JGB: I don’t know if you remember Gurdjieff’s comparing Man to a house full of servants4. We have, first of all, this idea that we have many “I”s, and each of them has different impulses. They are constantly changing, and none of them is fit to be the “Master” of the house. Their very nature is that they can’t be, because in other ways they can be said to be the different elements or facets of our personality. There is a Master, but the Master is away, and cannot come into the house while it’s in this state of disorder. If he sees that this house has an intention of getting into order then he may do something about it, but how does this come? When some of the servants begin to find the disorder intolerable, they make one of them into the temporary or “deputy” steward. He acts as if he has the authority of the Master behind him, and he does a certain amount of work to bring the house into order. This corresponds to what I was saying about Conscience; Conscience can’t work in us until something has already been prepared. But when it has, then the Master sends the real Steward, who is not from the servants but from the Master, not from the conditioned but from the unconditioned. That Steward is Conscience. He has come into the house, and if he is recognized he is very much honored because he is sent by the Master.
The deputy steward is not always inside us; there can sometimes be someone outside of us who helps to get things into order. I can play a useful role for you in this, but I cannot be Conscience. I am not your Master’s representative; your Master’s representative is within you. But I can be like one of the other servants, who knows that the one thing that matters is that you should have your own Master’s representative, or your own Conscience, in you. But it is a very poor substitute. In the long run the only thing that will get us right is Conscience. Not anyone outside of us; nothing else, no person can ever make this inner light for us, where this uncompromising seeing takes place. When this really takes hold, when you really go through the time when Conscience is awakened, then it is really a very agonizing experience. If it comes over you for a long time when you really do see yourself, and can’t help seeing yourself, then you will never be the same again.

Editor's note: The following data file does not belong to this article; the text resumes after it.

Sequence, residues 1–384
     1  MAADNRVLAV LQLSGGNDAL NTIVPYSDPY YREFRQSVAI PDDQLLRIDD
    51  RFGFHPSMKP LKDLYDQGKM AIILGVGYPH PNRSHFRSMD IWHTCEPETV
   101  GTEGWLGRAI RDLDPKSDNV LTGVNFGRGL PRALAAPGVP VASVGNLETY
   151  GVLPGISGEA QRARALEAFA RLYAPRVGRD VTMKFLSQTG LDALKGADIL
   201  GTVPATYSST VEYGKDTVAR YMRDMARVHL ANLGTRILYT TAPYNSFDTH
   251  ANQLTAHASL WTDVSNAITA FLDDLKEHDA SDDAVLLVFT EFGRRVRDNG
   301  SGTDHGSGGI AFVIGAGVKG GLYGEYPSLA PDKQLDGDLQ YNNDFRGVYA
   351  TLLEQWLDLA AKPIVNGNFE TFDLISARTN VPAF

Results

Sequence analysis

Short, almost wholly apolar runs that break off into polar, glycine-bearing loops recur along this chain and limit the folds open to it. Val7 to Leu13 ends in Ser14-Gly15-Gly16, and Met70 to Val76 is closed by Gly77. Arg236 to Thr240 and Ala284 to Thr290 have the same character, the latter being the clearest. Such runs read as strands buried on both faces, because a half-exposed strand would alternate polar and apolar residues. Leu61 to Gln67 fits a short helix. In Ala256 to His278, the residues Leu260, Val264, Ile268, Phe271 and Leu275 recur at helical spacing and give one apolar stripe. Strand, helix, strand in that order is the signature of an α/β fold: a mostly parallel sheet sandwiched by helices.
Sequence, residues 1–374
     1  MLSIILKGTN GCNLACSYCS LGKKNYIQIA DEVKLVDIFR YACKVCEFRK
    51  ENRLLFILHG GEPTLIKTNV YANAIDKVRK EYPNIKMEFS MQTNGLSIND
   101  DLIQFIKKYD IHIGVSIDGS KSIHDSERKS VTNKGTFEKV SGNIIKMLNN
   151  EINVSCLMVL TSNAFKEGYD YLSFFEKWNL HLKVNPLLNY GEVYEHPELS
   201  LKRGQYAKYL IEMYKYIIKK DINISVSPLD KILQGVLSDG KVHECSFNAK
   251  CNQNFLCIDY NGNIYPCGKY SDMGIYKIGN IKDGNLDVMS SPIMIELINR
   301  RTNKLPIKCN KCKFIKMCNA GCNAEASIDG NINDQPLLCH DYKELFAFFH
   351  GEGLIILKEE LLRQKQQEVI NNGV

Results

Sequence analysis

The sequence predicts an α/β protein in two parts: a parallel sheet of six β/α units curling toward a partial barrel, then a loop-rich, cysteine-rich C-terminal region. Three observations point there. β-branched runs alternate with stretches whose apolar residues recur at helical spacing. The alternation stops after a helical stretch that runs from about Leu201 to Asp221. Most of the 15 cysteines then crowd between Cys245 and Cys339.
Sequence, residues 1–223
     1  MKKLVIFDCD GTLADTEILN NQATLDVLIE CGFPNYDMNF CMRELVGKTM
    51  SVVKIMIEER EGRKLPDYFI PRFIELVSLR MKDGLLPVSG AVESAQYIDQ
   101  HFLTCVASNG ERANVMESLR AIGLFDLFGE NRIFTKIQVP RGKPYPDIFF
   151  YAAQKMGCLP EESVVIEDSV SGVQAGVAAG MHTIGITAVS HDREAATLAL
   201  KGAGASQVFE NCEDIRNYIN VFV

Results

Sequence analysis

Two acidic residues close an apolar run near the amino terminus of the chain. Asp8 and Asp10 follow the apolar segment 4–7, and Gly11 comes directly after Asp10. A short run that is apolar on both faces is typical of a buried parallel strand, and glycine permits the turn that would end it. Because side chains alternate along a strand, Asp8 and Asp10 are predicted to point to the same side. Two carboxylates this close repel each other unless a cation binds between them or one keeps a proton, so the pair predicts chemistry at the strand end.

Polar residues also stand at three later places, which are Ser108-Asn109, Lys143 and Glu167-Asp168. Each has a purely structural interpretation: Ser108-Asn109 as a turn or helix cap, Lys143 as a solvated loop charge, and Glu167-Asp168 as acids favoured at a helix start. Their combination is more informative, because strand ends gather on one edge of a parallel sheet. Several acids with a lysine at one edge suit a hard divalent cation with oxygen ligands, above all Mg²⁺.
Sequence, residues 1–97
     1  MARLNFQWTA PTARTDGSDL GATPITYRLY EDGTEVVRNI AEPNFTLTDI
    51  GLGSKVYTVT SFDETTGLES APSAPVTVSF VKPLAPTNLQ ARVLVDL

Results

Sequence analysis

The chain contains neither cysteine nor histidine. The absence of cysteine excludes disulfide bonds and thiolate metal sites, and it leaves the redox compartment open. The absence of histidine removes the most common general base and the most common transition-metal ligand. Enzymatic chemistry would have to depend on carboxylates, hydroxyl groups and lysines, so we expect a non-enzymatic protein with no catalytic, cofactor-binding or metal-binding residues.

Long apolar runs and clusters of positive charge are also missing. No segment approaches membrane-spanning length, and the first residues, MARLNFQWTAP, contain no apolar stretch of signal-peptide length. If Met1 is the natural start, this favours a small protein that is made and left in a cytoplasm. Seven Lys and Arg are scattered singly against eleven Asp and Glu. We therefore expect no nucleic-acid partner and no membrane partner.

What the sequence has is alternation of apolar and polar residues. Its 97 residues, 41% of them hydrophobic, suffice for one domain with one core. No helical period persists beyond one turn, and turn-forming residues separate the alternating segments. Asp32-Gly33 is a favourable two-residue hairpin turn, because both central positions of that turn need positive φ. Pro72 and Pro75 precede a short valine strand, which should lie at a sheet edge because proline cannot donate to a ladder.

Student: You asked us to take a time to be quiet, and when I did the feeling came through that Conscience was oneness, and everyone. And I don’t know whether because of the theme or because we paused regularly on the hour, this week I couldn’t stop working, trying to stay in one moment. And then today it all gave way. This has happened a number of times but it actually happened almost physically in the morning sitting. A gray veil seemed to appear and then it just collapsed on me, and after that the whole day was gone.
JGB: Which do you think is more profitable? The first five days or today?
Student: There’s no question.
JGB: It is so. Fullness is emptiness and emptiness is fullness. Being able to do produces nothing; to be powerless to
do can produce everything. Then something else has a chance. You always have to remember this, that Conscience is not the Master; Conscience is the one who goes before the Face of the Lord
to prepare His Ways. It is all represented in the Gospels where St. John the Baptist represents Conscience and Jesus represents the Master. When everything collapses in us and we become aware of emptiness, something in us also is aware that this emptiness is necessary. There are times when one has this emptiness without the awareness that it is necessary. This is where one needs a friend, someone who has been through this, and knows. I know when this has happened with people, when they have become really aware of emptiness, without being able to see for themselves that this emptiness is the necessary opening that allows the other to enter.
It’s easy enough to talk about this, but when one is in that state it is not at all so easy, because one doesn’t know how to distinguish between emptiness and darkness. It is at this point that Conscience really becomes our friend. Until then it seems that Conscience is, if not an enemy, at any rate a stern admonisher whose presence just makes us suffer. But when we become empty then we see the other side of it. We see that, really, Conscience is giving us the guarantee that there is someone behind; that something will come. This is why I repeated the story of the servants and the Steward. When the Steward is there, and you recognize him for what he is, then there is a guarantee that the Master will come.